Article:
Let's start off with 'The Rescuers' video presentation. Presented in 1080p, Disney has carefully restored this original film, but has let the original artwork speak for itself. There haven't been any egregious touch-ups here. The somewhat rough animation style is presented clearly here. Yes, a few lines may pop up out of place, like a rough sketch, and then disappear, but that's what it's supposed to look like.
There are times where you can really pick out the different layers of the cel animation. Light ringing appears around characters, but again, this is due to the limitations of animation then and not necessarily due to a shoddy transfer by Disney. Like I said before, this movie harbors a lot of Don Bluth's influence, and his rougher, grittier animation style is on full display here. Colors are also a bit toned down, due to the movie's age. It's a pretty drab color palette, I'll say that, but again without overhauling the whole movie 'Snow White'-style there's really no way to beef up its visuals. Here's the question though, would you really want them to provide an expensive overhaul for 'The Rescuers'? A movie that is supposed to look this way, just to make it a little brighter or a little cleaner? My answer would be, no. All those sketch lines and muted colors are the way it should look. "Cleaning" it up would mean ruining a gritty animation style that makes the movie what it is.
'The Rescuers': 3.5 Stars
'The Rescuers Down Under' is also presented in 1080p and has a more modern style to it. The animation is certainly cleaner, clearer, and provides a bit more crisp pop to the image. Its colors are much more vivid too. This is the movie that will really entertain the younger kids because it's brightly colored and looks much more like the animation they're used to.
The unsoiled image is free from spots, errant lines, or anything that might distract from viewing. Its animation style couldn't be more different from the original, but it works for what it is. The bright greens, blues, and yellows of the Outback wilderness pop. Banding, and other artifacts are non-existent. Blacks are resolute. The line art is crisply portrayed. If you had trouble with the "messier" true-to-source presentation of 'The Rescuers' then this smooth, colorful presentation should make you quite happy.
'The Rescuers Down Under': 4 Stars
The audio presentations have the same type of distinction going on. 'The Rescuers' DTS-HD Master Audio 5.1 track is a little lighter and features a little more extracurricular noise than the sequel's. That's not to say it isn't a competent audio track. It's just that this surround track definitely has a slightly tinnier mono-esque sound to it.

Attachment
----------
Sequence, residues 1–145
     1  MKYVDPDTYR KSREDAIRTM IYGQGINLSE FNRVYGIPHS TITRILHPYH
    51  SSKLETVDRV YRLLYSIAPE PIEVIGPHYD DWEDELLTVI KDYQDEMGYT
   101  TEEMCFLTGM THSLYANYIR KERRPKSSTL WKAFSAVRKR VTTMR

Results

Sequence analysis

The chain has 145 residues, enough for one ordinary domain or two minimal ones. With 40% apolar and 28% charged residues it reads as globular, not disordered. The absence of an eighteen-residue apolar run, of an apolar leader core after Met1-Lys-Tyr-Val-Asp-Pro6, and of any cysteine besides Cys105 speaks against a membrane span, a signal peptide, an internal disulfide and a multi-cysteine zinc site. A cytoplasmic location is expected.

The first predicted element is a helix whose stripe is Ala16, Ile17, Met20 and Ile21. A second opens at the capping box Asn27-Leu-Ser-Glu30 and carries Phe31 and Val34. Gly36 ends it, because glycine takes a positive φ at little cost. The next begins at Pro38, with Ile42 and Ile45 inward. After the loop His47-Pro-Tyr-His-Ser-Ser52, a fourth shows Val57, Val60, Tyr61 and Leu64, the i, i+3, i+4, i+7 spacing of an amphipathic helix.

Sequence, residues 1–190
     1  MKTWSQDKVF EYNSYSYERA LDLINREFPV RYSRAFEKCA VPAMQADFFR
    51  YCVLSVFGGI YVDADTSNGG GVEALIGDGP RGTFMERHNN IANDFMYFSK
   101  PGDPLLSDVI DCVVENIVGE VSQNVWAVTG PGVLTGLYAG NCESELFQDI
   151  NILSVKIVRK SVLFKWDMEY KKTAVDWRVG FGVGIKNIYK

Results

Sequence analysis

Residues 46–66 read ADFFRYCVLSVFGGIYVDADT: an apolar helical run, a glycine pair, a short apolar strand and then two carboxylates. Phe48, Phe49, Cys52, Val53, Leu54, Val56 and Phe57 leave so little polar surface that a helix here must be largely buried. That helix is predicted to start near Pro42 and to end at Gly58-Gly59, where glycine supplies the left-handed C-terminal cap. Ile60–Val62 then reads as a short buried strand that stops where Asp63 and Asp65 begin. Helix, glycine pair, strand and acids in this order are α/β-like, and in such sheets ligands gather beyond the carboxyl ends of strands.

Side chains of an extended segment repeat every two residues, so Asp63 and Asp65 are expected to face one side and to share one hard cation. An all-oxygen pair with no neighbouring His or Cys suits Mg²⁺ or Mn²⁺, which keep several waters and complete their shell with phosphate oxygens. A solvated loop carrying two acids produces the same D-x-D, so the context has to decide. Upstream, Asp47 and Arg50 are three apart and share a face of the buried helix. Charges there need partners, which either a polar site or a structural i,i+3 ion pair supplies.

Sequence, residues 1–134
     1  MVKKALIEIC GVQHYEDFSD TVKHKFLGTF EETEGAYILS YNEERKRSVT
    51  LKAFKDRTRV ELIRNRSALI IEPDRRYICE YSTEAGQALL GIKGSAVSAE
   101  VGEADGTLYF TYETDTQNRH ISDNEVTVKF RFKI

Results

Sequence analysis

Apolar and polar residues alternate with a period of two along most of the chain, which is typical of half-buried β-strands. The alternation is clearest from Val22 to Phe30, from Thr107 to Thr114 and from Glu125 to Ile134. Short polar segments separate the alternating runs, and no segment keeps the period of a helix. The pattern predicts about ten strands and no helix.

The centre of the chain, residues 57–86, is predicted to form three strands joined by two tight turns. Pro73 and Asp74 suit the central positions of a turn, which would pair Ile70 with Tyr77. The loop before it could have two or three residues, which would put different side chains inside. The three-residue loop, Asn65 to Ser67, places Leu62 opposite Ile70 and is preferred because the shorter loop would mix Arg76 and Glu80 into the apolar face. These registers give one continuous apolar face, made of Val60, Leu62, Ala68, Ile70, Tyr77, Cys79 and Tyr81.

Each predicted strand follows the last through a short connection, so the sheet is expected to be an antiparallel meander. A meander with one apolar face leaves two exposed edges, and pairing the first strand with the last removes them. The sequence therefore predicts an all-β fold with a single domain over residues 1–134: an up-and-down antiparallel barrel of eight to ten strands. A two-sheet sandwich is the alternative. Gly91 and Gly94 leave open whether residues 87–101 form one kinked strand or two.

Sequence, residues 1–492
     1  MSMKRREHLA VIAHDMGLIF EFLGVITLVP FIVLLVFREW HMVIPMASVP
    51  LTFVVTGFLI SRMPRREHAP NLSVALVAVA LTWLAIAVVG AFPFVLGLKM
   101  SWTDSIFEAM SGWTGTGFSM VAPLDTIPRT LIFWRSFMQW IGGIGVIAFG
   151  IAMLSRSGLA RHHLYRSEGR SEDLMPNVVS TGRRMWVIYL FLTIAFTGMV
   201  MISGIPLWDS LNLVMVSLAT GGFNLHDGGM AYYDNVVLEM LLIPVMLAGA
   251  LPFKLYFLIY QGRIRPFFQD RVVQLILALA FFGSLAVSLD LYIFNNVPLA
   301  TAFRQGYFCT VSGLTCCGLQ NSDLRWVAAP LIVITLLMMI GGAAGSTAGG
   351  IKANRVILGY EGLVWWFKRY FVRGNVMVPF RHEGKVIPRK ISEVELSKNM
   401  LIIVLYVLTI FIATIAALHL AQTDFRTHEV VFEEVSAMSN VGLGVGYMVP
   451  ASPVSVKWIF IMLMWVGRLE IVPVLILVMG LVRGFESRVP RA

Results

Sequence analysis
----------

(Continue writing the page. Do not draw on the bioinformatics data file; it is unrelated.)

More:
Disney has done a good job carrying the ambient sound to the rear channels though, offering some nice surround sound of a clamoring Rescue Aide Society meeting. They've also offered some nice LFE as fireworks bang and Medusa's smoke-belching swamp-mobile rumbles to life. Directionality has been given a nice touch as the clattering of objects can be heard off to the left as Bernard stumbles and falls out of frame. The track does feature slight hissing that can probably be chalked up to the movie's age, but overall it's a nice lossless surround sound mix from Disney.
'The Rescuers': 3.5 Stars
'The Rescuers Down Under' features a soundtrack that has a little more oomph to it. That oomph can be felt as McLeach's Frankenstein poacher-mobile thunders across the desert. The surrounds are more engaged this time around and showcase all manner of ambient animal sounds to create a fulfilling ambience.
Dialogue is always clear. Whenever the giant eagle shrieks its voice fills the soundfield with an echoing call. The music bleeds into the rears offering a well-rounded experience. The slight hiss that was heard on 'The Rescuer's track is gone. This track has near top-notch clarity and fidelity. Fans will be very happy the way this one turned out on the audio front.
'The Rescuers Down Under': 4 Stars
I'll always love these movies. I fully admit that it's probably my nostalgia for them talking, but they'll always hold a special place in my animation-loving heart. The emotionality of the first film, and the throwback Bluth-inspired animation make me adore it. The adventure and fun of the second film cause me to appreciate it probably a little more than I should. In any case, it's great to see these movies finally get the high-def treatment, even if they did kind of get the short shrift by putting both films on the same disc. Either way, fans should be happy with the outcome, both in the audio and visual departments. This Disney duo-movie pack is recommended.